The next few years, European markets will be swamped with glycerine, as biodiesel production from vegetable oils or animal fats accelerates. Europe aims to run cars on petrol and diesel produced at a minimum of 5.75% from biofuels by the year 2010.
The surplus of glycerin supply on the European market will not only significantly reduce its price, but is also indicative of increased efforts to recycle the stuff into biofuel. That is the conclusion of academic investigations by University Rey Juan Carlos’ research group.
The research, led by Juan Antonio Melero, points out that currently, glycerin is quite a costly energy source. But they show just how market mechanics can change this process around. Due to the sheer mandatory increase in supply, its production will soon start to exceed the current demand for the stuff. That will lead to lower prices.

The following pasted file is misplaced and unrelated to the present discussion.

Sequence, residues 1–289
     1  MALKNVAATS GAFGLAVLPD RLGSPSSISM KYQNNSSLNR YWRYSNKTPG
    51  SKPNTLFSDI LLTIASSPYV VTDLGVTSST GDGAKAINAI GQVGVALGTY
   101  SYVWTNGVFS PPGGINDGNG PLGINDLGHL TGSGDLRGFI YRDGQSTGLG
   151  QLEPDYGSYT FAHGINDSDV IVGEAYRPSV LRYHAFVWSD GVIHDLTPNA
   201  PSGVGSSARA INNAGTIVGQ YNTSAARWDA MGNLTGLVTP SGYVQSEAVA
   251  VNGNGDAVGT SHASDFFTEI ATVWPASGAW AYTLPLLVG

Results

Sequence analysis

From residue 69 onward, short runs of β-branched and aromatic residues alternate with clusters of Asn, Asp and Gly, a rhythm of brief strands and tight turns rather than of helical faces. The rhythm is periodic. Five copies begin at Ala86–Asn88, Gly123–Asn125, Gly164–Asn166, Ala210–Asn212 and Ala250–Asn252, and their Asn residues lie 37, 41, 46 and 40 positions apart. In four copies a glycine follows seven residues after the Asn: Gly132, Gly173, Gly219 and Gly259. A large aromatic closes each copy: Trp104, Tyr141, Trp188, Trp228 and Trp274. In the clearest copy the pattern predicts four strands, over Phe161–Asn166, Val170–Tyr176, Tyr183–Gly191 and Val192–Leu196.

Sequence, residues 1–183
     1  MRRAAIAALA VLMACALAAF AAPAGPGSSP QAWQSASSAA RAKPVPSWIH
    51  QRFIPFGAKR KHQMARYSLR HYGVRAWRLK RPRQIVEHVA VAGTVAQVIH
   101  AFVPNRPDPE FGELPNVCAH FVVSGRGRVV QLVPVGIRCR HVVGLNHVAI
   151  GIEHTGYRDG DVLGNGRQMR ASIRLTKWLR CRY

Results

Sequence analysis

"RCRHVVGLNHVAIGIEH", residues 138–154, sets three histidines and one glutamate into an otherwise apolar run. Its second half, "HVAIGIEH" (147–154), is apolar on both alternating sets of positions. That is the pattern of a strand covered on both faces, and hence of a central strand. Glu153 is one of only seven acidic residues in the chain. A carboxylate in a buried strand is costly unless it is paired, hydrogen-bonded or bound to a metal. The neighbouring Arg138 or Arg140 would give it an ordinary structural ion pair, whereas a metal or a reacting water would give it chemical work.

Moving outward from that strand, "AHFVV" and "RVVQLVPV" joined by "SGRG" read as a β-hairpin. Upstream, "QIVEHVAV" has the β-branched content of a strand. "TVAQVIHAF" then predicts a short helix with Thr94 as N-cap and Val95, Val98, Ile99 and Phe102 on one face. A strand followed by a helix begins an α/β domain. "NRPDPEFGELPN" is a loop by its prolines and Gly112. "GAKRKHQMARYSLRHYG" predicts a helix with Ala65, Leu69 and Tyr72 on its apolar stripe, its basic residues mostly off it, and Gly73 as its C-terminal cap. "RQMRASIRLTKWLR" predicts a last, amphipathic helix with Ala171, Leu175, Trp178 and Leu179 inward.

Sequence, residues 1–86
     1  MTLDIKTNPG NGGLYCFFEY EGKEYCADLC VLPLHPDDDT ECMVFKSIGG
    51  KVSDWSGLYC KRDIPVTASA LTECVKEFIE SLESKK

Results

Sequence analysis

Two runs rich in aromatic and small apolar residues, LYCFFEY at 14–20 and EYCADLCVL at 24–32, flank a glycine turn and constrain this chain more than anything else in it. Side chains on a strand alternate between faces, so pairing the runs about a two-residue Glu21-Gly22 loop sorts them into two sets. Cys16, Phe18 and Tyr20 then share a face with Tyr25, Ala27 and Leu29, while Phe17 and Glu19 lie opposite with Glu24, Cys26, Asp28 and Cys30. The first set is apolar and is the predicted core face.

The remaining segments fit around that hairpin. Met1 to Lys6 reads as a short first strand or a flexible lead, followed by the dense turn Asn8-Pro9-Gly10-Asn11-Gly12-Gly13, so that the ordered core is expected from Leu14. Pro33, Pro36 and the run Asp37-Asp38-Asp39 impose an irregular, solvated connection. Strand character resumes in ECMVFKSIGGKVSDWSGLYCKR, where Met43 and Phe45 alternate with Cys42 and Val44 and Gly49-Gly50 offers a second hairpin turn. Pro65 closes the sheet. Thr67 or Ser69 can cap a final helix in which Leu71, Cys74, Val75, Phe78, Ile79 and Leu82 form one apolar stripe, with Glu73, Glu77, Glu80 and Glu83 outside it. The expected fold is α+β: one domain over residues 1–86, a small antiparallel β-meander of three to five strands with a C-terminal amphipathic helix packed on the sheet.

At the moment, glycerin is only demanded in bulk by the pharmaceutical industry, which uses it for the synthesis of products.
The researchers, who published a research document entitled [i]Transformation of Glycerine in Biodiesel[/i], say that during 2005, a 65% increase in manufactured glycerine compared to the year before, is clear evidence of this cost reduction trend. They point out that according to numbers from the European Biodiesel Board, over three million tons of biodiesel were produced in 2005. And in In 2006, production reached five million tons, representing a 54% rise from the previous year.
The trend will continue, the researchers predict, “with a yearly production of 10 million tons of biodiesel expected by 2010; around a million ton of glycerin”. This underscores the importance of finding new applications for this by-product.
Melero and his staff have researched the transformation of glycerin into products that could partially replace diesel in a cost-competitive manner. They say that one added advantage that glycerin ethers offers is that it improves a low temperature response. This means that viscosity and contaminant emissions of the diesel are reduced.